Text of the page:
How could it be that, in this richest country at the richest time in human history, some 49 million Americans are hungry, including 33 million adults and 16 million children? In New York City alone, 1.4 million – disproportionately represented by women and children, the working poor, the elderly and disabled – rely on soup kitchens and food pantries to meet their basic food needs. How could that be? And how could we – as caring human beings – have allowed ourselves to become immune to the suffering of so many?
I’m as guilty as the next guy, reflexively averting my eyes when I pass a homeless, destitute person on the street while I take inventory of the moral failures that give me an excuse to turn away. He’s an alcoholic or a drug abuser – bad choices that have put him here. She’s not really hungry – just hustling. Or, he won’t use the money for food – he’ll just buy booze and smokes. (By the way, if that last one keeps you from helping, try carrying around a few fast food gift coupons.)
I recently completed a dozen years leading an advocacy organization working for Mideast peace and reconciliation. In fact, most of my professional career has been dedicated to institutional work with an emphasis on sustainable, scalable reforms rather than on individual helping services. Working at the wholesale level, rather than retail, has always made more sense to me. Repairing broken systems as the path to healing broken lives.
But as I take a time-out between jobs to clear my head and figure out what’s next, I’ve committed to adding regular, weekly direct service volunteering to my personal plan. After trying out a number of volunteer options, I found my home at an impressive East Harlem nonprofit called New York Common Pantry dedicated to reducing hunger while promoting dignity and self-sufficiency; one of many thousands such organizations working around the country.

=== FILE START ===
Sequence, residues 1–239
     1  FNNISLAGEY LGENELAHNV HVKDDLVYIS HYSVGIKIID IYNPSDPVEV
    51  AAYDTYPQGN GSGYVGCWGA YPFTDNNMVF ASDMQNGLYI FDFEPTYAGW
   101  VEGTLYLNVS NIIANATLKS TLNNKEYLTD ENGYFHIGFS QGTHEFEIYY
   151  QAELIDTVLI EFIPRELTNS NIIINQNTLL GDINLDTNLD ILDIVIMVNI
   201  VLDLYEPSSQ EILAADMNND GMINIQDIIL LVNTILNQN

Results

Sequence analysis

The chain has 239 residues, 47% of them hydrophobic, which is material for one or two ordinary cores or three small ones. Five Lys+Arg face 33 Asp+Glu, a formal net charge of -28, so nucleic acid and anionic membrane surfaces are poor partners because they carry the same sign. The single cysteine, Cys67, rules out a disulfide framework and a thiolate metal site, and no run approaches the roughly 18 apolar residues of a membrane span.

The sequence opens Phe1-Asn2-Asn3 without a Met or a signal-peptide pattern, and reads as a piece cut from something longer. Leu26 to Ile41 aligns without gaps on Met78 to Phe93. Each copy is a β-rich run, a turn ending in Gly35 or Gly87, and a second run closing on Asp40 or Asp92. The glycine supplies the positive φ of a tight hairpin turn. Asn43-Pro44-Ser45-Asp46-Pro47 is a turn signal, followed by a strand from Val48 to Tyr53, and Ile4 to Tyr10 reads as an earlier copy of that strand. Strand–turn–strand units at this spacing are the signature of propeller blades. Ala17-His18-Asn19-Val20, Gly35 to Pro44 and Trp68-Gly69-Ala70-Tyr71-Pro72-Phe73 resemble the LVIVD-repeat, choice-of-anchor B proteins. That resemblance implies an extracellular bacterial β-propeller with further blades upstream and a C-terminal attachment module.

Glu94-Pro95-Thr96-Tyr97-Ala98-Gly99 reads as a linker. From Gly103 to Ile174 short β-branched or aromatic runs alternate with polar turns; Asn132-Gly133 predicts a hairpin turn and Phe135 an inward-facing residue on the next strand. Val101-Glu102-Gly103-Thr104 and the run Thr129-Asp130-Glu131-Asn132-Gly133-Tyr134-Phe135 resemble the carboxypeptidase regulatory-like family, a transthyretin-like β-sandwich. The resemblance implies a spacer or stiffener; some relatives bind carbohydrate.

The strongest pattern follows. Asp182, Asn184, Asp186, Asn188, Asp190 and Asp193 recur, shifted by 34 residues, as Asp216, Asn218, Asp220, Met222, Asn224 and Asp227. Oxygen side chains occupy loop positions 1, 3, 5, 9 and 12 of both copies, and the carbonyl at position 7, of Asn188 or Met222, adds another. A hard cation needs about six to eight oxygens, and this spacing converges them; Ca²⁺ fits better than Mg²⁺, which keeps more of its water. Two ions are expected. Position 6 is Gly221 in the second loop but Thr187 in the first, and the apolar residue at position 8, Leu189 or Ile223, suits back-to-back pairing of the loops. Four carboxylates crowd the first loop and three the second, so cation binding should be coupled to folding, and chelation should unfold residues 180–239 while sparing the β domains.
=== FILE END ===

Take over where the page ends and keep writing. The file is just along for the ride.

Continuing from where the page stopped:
For the past decade, I’ve worked on behalf of the “other” – the excluded and neglected – half a world away. Now I find myself engaged with the “other” who I pass every day on the street. And I’ve learned a few things along the way.
- I’ve learned that homelessness, and for that matter poverty, is exhausting. Spend even a few minutes in a roomful of a hundred or two homeless folks sitting or sprawled on folding chairs, the walking wounded waiting for a hot lunch or a hot shower. What you see are exhausted men and women grateful for a few minutes of respite, for having a safe place to be for a while. What you hear is mostly silence. The silence of exhaustion.
- That the existence of a “social safety net” for the poor is an illusion, a convenient and self-serving justification for reducing taxes on those of us with means while avoiding guilt and its alternative: collective responsibility for prioritizing and adequately funding services for the hungry and poor.